'No One Has Faith in Her': Watters Calls Out Broward County Election Supervisor
Lack of transparency, communication 'suspicious.'
"The Five" co-hosts reacted on Friday after a Florida judge sided with Republican Senate candidate and governor Rick Scott in ordering that Republicans be given “immediate” access to requested information about ballots in Broward County, amid explosive lawsuits against the county’s top election official.
Scott -- the Republican gubernatorial incumbent narrowly leading in the state's race for a U.S. Senate seat -- and the National Republican Senatorial Committee (NRSC) alleged that Broward election officials were hiding critical information about the number of votes cast and counted.
State Judge Carol-Lisa Phillips ruled there has “been a violation of the Florida constitution,” as well as the state’s public records act, by not turning over requested records. She ordered Broward County Supervisor of Elections Brenda Snipes to allow for the “immediate inspection” and “photocopying” of the requested records no later than 7:00 p.m. Friday.
Jesse Watters said Snipes has a questionable history, and he took a page from President Trump's nicknaming playbook by dubbing her "Sneaky Snipes."
"She's been already accused of ballot stuffing, of hiding amendments from ballots. A judge has ruled that she illegally destroyed ballots ... not in this case, but in 2016," Watters said.
"And in 2018, she was accused of not allowing Scott's representatives to watch her fill out provisional ballots. And the judge just smacked her down and said, 'It's time to open up the doors, because you're doing everything in secret,'" Watters added.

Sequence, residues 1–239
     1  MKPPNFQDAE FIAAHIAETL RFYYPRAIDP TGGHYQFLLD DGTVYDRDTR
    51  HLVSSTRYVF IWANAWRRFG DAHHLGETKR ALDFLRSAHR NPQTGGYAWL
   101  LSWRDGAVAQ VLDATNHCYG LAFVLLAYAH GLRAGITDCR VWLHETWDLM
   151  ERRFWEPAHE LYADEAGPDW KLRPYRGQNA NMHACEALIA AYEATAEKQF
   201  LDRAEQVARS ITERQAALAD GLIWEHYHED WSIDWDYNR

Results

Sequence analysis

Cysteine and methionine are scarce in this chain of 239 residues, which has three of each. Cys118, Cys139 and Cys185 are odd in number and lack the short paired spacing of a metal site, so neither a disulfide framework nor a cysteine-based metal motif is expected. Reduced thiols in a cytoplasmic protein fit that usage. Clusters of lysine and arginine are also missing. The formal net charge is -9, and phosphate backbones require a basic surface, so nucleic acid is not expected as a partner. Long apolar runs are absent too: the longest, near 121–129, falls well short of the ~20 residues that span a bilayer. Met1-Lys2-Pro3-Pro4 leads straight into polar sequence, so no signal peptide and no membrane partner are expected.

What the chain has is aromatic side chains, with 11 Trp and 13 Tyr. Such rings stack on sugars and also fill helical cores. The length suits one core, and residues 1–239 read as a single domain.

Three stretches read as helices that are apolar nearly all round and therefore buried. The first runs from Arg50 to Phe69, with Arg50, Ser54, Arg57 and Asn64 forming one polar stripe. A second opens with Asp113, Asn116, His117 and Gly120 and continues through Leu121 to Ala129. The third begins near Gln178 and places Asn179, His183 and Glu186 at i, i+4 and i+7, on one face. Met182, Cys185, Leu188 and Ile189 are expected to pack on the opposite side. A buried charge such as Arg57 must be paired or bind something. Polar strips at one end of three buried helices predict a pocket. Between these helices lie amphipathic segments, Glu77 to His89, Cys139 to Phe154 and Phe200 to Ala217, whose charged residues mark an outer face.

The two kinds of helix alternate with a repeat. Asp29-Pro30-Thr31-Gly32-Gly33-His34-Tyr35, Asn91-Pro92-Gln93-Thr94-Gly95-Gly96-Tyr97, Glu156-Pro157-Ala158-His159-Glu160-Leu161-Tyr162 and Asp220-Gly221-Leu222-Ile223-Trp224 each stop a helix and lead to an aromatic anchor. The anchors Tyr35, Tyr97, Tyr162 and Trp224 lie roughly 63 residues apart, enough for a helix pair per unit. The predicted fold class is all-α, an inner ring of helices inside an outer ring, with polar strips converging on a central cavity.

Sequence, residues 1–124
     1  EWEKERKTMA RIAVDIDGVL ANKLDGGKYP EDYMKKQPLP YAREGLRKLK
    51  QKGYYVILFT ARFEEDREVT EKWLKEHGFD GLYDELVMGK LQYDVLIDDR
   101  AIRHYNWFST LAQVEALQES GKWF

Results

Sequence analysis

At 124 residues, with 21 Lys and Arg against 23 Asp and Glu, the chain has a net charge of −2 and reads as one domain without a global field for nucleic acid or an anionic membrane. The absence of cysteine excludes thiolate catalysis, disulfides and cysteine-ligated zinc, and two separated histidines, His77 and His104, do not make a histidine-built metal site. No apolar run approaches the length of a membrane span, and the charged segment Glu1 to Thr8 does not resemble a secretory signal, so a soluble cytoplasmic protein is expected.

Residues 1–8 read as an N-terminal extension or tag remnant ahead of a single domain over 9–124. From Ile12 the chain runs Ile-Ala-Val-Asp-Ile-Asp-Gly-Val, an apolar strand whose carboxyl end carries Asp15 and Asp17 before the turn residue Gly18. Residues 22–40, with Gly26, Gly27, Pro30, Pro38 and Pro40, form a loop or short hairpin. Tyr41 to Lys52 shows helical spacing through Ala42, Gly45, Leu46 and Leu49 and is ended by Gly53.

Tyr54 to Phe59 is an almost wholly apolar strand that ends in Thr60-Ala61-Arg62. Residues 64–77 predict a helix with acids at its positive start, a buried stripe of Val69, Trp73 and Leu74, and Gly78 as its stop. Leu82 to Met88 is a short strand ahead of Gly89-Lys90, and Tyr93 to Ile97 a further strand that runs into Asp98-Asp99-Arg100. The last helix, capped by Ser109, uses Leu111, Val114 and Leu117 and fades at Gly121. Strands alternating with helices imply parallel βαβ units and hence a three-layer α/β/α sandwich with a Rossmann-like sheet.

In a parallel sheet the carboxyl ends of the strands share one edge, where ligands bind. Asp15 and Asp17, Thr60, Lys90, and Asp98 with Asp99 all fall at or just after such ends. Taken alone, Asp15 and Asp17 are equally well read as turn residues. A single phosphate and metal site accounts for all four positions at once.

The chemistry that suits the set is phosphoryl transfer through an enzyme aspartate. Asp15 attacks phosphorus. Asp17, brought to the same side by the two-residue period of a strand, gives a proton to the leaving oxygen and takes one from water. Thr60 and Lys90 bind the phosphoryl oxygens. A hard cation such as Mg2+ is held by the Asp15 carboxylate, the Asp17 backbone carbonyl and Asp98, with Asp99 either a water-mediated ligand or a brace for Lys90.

He said Snipes' number one job as election supervisor is to know how many ballots were cast, how many were counted and how many are left to be counted.
"She says she has no idea. And the fact that she is not communicating to the public or to the campaigns ... is suspicious, because if you don't know the tabulation, then anything can happen underneath," Watters said. "And that's why, this woman, no one has faith in her at all."
Marie Harf agreed that Broward County election officials should be more transparent, but she said, as of now, there is no evidence of voter fraud.
"There's a lot of people who have partisan interests in these races making claims," Harf said. "And we just need to take a deep breath, we need to have some transparency, we need to get the votes counted and we also, though, going forward need to make our election systems better."
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